The Human Genome, written by John Quackenbush, PhD
The DNA sequence that comprises the human genome--the genetic blueprint found in each of our cells--is undoubtedly the greatest code ever to be broken. Completed at the dawn of a new millennium, the feat electrified both the scientific community and the general public with its tantalizing promise of new and better treatments for countless diseases, including Alzheimer's, cancer, diabetes, and Parkinson's. Yet what is arguably the most important discovery of our time has also opened a Pandora's box of questions about who we are as humans and how the unique information stored in our genomes can and might be used, making it all the more important for everyone to understand the new science of genomics. In The Curiosity Guide to the Human Genome, Dr. John Quackenbush, a renowned scientist and professor, conducts a fascinating tour of the history and science behind the Human Genome Project and the technologies that are revolutionizing the practice of medicine today. With a clear and engaging narrative style, he demystifies the fundamental principles of genetics and molecular biology, including the astounding ways in which genes function, alone or together with other genes and the environment, to either sustain life or trigger disease. In addition, Dr. Quackenbush goes beyond medicine to examine how DNA-sequencing technology is changing how we think of ourselves as a species by providing new insights about our earliest ancestors and reconfirming our inextricable link to all life on earth. Finally, he explores the legal and ethical questions surrounding such controversial topics as stem cell research, prenatal testing, forensics, and cloning, making this volume of The Curiosity Guides series an indispensable resource for navigating our brave new genomic world.
Dr. John Quackenbush is Professor of Biostatistics and Computational Biology, Professor of Cancer Biology, and Director of the Center for Cancer Computational Biology at the Dana-Farber Cancer Institute, and Professor of Computational Biology and Bioinformatics at the Harvard School of Public Health. Trained as a theoretical physicist, he transitioned to biomedical research through his work on the Human Genome Project. A pioneer in DNA microarray analysis and a world-renowned expert in bioinformatics, his current work involves using cutting-edge genomic technologies and laboratory and computational methods to search for gene targets that might lead to more effective medical treatments for cancer and other diseases.
You can purchase the book here.
Catharina, our winter intern
Catharina Olsen, a German graduate student doing her Ph.D. at the Université Libre de Bruxelles, Belgium, has been interested in the predictive ability of networks inferred from gene expression data. She joined the CCCB as an intern from October to December 2010, a period during which she implemented a novel framework for network inference based on information theory and regression modeling. The resulting R package, called PredictioNet, will be open-source and freely available from CRAN. Moreover, PredictioNet will be used in the Prediction Networks web application designed by the company Entagen in the framework of the CCCB's EUREKA project. Catharina will take these new experiences back to Belgium where she will conclude her Ph.D. in the Machine Learning Group headed by Professor Gianluca Bontempi.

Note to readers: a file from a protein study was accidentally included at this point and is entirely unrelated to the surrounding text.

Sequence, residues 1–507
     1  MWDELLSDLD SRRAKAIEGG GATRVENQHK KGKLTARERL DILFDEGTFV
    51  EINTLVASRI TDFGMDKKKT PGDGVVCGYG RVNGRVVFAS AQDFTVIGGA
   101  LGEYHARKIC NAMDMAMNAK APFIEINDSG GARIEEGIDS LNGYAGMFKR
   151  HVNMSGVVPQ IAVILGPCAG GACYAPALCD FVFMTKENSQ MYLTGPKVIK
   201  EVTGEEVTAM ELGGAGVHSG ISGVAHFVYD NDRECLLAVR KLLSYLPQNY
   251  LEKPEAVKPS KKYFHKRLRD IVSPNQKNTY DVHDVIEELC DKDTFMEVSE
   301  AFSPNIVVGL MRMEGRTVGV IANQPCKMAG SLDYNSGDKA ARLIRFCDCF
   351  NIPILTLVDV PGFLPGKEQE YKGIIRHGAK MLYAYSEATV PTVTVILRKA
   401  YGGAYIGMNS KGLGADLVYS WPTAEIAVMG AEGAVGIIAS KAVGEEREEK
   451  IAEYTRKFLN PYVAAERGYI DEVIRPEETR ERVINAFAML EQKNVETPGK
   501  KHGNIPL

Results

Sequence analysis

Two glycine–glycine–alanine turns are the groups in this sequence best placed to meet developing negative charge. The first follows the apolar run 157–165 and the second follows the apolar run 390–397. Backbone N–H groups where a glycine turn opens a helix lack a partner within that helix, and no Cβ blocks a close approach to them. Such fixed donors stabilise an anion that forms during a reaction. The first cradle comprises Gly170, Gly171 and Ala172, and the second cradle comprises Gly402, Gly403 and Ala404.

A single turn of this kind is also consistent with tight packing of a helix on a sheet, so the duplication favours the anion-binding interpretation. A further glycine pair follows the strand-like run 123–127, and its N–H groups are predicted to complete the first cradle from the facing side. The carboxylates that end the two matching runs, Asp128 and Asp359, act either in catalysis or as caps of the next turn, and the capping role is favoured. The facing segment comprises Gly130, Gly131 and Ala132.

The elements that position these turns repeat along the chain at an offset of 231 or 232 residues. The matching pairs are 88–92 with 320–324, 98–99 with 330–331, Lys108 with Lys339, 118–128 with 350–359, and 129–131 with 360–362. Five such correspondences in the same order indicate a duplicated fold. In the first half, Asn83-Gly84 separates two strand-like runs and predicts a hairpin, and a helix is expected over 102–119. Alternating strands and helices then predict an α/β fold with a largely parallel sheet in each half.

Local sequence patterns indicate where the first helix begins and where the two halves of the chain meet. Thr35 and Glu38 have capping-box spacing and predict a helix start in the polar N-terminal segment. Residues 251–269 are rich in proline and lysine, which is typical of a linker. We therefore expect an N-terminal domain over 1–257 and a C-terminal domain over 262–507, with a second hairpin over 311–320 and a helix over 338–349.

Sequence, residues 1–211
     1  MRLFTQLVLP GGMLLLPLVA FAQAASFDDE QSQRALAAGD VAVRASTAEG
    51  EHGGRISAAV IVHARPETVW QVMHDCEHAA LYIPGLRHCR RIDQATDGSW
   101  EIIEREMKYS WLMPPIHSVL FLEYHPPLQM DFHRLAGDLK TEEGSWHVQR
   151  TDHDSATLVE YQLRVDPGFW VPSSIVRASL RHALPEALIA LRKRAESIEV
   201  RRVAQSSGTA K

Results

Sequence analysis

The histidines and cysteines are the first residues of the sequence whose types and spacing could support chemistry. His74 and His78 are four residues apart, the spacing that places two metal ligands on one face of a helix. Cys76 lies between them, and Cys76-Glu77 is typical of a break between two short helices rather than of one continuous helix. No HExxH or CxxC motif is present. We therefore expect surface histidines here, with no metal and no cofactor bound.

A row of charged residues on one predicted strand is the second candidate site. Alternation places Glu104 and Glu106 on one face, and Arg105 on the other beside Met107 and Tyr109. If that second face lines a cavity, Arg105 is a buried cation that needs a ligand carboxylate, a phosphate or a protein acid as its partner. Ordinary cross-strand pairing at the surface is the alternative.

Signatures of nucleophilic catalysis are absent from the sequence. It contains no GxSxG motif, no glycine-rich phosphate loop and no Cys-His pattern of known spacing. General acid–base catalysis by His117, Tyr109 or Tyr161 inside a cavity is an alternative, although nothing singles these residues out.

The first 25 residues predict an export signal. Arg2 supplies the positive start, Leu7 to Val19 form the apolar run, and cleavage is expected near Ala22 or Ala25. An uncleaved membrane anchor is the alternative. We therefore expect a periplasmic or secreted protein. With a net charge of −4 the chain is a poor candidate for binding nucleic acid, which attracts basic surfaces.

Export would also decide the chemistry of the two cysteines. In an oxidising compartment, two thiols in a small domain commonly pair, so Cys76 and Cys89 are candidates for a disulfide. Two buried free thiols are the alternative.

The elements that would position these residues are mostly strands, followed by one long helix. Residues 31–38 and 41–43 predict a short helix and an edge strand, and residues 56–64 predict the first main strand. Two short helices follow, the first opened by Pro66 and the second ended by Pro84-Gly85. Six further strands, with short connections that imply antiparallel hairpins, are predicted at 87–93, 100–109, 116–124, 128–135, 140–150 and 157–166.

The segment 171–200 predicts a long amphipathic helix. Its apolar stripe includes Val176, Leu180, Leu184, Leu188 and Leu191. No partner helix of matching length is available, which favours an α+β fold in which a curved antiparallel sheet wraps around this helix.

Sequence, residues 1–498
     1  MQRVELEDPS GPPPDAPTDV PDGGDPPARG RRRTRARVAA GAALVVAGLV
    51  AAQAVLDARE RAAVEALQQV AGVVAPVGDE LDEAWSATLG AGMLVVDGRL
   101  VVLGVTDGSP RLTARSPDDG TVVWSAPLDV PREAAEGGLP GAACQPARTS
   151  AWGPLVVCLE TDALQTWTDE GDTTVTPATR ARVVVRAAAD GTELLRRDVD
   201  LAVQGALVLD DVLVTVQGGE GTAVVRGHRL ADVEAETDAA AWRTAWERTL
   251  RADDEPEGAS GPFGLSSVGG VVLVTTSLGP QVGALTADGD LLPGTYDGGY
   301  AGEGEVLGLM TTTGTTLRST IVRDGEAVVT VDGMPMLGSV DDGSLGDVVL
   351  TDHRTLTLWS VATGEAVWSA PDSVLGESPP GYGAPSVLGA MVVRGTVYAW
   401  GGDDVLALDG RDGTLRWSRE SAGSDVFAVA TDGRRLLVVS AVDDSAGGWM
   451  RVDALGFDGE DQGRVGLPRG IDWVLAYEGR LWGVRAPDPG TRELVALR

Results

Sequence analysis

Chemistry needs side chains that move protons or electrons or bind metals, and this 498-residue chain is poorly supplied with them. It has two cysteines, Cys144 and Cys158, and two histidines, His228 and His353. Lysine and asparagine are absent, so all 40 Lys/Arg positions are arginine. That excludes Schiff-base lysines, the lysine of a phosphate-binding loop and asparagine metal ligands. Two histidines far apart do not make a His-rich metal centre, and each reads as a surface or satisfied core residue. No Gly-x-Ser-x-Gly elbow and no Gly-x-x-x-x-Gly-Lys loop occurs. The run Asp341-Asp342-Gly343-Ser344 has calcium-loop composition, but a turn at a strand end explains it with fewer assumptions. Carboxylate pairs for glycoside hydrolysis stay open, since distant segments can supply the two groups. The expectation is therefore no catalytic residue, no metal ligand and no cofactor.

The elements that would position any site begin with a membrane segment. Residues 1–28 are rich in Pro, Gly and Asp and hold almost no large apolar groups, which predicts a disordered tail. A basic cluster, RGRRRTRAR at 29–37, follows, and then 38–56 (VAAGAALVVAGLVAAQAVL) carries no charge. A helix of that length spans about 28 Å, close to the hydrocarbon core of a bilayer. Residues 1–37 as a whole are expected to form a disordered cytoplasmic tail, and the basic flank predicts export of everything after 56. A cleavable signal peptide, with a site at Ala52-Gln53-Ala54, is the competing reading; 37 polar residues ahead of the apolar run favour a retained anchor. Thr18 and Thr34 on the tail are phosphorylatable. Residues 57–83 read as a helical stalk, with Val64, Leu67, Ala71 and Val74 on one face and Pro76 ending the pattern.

Beginning Data Analysis with MultiExperiment Viewer (MeV)
November 30th, 1:00 - 4:00 PM, Countway 403
MeV is a desktop application othat brings sophisticated data mining and visualization tools to the benchtop researcher, through an easy, button-driven user interface. No programming experience is required to make immediate use of powerful statistical tools such as ANOVA, survival analysis, and gene set enrichment analysis (GSEA). This workshop will be a mix of hands-on tutorial and lecture. We will begin with normalized Affymetrix microarray data and proceed through basic filtering, clustering and statistical testing. If time allows, we will explore more advanced analyses, such as Bayesian Network analysis.
PostDoc and Graduate Association's 2010 Retreat
Dana-Farber's PostDoc and Graduate Association (PGA) hosted a fun and informative retreat at The Holiday Inn at Beacon Hill on Friday, September 24, 2010. In the poster room, the CCCB had a popular table in which the attendees learned about our services and research, took with them informational flyers, and connected with our colleagues. Speakers at the retreat included Dr. Robert Langer, Dr. Peter Fisk, and various postdoc and graduate student oral presentations.
Chia-Wei, our summer intern
Chia-Wei Lu, a graduate student from Taiwan has been interested in the Next-Generation Sequence (NGS) data analysis and algorithm. He joined the CCCB as an intern to gain hands-on experiences in algorithm evaluation and analysis pipeline construction for NGS data in biomedical research. During his internship, he made great contributions in implementing RNASeq data processing pipeline and characterizing the transcriptomes of different sarcoma cell lines. He will bring these experiences back to Taiwan where he is pursuing his Ph.D in Computer Science from National Tsing Hua University.